2. Hi Dan, I’m a fan of your blog, but I think this post might be missing the mark a little bit on this one:

    “Minimalists tell us to spend less money on stuff. Meanwhile, many of them have affiliate links leading to Amazon, hoping you buy more stuff.”

    >> Not necessarily – the message of minimalism is to get rid of things that don’t bring a significant amount value to your life. At its core, Minimalism isn’t really all about “stuff” – that’s just one tangible part of Minimalism.

    “Minimalists tell us we should own less clothes. But rather than leaving it at that, some create and sell us programs to teach us what clothes to buy.”

    >> Minimalism is about quality over quantity – not necessarily spending the least amount of money possible, although that’s desirable. There’s nothing wrong with buying a quality article of clothing that you’re going to use all the time and that will last you for a long while.

    “Minimalists tell us we should spend less money. Still, they write books and produce movies with the ultimate goal of getting us to spend our money.”

    >> Minimalism is about not wasting money. There’s nothing wrong with spending money on something that brings significant value to your life.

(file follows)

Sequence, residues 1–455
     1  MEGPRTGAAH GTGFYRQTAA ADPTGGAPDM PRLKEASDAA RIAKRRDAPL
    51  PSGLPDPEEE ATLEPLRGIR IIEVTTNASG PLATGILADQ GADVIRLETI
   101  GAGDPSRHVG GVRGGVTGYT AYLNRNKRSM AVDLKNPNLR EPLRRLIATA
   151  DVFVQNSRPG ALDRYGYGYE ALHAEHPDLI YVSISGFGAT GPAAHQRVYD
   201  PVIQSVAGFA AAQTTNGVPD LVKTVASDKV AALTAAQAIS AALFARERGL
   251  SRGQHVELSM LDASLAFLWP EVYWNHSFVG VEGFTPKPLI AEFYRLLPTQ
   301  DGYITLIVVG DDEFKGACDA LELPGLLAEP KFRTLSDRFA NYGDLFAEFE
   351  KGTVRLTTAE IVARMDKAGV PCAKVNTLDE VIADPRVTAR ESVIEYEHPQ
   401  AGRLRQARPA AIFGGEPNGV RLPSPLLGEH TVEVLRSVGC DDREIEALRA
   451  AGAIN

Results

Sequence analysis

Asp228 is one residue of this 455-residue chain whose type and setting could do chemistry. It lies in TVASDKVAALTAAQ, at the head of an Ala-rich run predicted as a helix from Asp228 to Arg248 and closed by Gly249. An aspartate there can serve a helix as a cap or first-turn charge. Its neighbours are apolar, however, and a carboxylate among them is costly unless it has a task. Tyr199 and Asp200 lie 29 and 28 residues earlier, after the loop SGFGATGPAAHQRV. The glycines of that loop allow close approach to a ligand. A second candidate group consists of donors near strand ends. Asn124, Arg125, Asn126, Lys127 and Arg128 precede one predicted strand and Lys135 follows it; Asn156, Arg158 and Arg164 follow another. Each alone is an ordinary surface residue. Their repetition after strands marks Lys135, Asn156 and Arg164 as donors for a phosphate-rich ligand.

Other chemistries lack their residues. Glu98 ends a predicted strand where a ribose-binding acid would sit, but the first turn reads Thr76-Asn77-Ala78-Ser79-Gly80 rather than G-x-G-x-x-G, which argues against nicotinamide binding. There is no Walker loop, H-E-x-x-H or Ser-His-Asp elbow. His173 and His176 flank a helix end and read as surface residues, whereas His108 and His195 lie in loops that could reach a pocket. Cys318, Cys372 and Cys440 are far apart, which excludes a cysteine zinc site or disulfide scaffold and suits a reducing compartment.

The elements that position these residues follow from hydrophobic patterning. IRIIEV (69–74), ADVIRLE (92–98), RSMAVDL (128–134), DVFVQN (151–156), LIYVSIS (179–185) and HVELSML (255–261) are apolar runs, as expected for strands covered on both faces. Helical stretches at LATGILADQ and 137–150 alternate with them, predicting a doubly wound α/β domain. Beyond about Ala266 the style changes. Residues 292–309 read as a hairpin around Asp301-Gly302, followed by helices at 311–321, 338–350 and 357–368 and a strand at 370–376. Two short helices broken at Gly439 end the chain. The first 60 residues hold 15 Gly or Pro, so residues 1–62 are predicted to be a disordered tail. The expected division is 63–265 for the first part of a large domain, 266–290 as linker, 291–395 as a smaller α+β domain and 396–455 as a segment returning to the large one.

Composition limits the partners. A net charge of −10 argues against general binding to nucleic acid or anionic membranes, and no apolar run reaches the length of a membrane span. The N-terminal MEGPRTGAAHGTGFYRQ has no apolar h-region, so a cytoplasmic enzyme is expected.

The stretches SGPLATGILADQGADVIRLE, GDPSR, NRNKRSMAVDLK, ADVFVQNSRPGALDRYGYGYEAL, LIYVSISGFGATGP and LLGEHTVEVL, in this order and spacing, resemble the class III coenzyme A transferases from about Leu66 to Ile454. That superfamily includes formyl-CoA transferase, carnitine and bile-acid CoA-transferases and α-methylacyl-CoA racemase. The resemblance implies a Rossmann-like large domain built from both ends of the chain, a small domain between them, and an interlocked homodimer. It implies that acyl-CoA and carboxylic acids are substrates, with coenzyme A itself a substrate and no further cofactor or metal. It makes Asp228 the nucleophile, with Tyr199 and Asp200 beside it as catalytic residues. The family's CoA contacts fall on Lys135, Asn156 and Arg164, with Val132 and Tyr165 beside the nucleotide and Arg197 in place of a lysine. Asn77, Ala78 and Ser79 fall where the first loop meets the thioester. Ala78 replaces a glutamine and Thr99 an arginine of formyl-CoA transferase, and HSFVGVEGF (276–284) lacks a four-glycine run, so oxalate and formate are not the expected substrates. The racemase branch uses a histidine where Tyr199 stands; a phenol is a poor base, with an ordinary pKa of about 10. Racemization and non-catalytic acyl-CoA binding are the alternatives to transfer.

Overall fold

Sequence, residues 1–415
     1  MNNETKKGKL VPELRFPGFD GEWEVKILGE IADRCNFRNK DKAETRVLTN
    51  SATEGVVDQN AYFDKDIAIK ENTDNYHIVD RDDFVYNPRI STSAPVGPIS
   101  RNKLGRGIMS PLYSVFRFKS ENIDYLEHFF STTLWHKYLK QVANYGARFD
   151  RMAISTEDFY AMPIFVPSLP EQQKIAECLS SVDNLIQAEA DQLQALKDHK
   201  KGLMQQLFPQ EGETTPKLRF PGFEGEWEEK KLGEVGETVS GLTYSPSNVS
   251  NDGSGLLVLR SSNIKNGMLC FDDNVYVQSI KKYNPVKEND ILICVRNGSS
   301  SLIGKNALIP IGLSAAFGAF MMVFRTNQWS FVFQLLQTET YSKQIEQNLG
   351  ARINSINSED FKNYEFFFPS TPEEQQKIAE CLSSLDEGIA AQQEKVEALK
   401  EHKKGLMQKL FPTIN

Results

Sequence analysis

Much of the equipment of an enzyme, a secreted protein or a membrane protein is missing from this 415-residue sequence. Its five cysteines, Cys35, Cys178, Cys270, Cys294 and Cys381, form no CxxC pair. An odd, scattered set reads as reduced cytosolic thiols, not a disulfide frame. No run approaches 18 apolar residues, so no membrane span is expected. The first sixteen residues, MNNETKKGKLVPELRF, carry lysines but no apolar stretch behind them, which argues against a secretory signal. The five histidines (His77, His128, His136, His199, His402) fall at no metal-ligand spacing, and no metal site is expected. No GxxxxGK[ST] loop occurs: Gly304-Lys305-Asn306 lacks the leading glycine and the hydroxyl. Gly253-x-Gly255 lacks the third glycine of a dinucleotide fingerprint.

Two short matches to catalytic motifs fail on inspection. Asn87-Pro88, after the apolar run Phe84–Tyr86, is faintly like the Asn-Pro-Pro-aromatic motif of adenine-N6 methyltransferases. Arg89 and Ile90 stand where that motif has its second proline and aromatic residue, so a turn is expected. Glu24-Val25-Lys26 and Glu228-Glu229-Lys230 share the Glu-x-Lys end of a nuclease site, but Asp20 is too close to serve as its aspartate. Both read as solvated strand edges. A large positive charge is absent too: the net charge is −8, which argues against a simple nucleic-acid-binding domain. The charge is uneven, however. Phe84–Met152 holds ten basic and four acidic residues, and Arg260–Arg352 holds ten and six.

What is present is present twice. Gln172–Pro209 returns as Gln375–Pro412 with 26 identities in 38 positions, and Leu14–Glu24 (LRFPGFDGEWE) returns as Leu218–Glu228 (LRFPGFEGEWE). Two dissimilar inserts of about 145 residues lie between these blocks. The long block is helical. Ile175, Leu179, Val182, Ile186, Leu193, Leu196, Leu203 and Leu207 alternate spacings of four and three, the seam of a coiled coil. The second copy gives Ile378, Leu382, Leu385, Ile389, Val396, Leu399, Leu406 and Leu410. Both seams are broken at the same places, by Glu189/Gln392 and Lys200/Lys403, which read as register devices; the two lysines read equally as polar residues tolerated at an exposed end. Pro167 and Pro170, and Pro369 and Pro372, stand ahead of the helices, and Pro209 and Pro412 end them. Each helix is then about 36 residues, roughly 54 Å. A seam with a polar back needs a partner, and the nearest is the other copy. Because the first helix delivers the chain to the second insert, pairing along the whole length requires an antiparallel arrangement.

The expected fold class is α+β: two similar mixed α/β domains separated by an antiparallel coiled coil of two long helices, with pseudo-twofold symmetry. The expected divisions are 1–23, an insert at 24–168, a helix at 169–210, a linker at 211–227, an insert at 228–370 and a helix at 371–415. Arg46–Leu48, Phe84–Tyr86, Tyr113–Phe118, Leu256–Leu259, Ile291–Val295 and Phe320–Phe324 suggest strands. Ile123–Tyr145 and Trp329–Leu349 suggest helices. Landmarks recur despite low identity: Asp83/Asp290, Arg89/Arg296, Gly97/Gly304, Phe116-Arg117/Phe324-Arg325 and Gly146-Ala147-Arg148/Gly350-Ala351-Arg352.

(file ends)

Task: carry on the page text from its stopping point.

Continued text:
“Minimalists tell us we should declutter our schedules and inboxes. But they convince us to read books and take classes that take up our time and space.”

    >> If this is true – isn’t reading this blog a waste? I don’t believe it is, which is why spending time learning doesn’t go against the core principals of Minimalism.

    I’m super glad you’ve taken the approach that you have with this blog in terms of not having annoying pop-ups, being over commercial etc.. I feel like a lot of other blogs really go overboard in the other direction.

    Anyway, I love what you’re doing – just wanted to give you an alternative viewpoint on this subject.

    1. Hi Forrest, and thanks for your comment. I understand that minimalism is primarily focused on what brings us value. I’m also a great proponent on quality over quantity.
      I actually appreciate and agree with all of your points, too. I just see that minimalism can be a dichotomy and I like to flip things around and look at them from the other side from time to time. I personally am a little hesitant to monetize Hip Diggs unless I’m very comfortable with the product and it’s value to helping others live more simply. Thanks for following and best to you in 2017!

  3. I appreciate the work you do on your blog, Dan, and I enjoy your point of view. I understand your argument that monetizing minimalism seems to be a contradiction. However, I don’t have a problem with minimalist bloggers writing books or creating courses for those who feel they would benefit from them. All the information and discussion may be on their blogs, but it’s difficult for their readers to find and learn from it in a focused manner, since that’s not how blogs function. A book or a course may be the perfect format for some. As long as the content of their blog remains free, and free of advertising, I think the blog still qualifies for the term “minimalist.”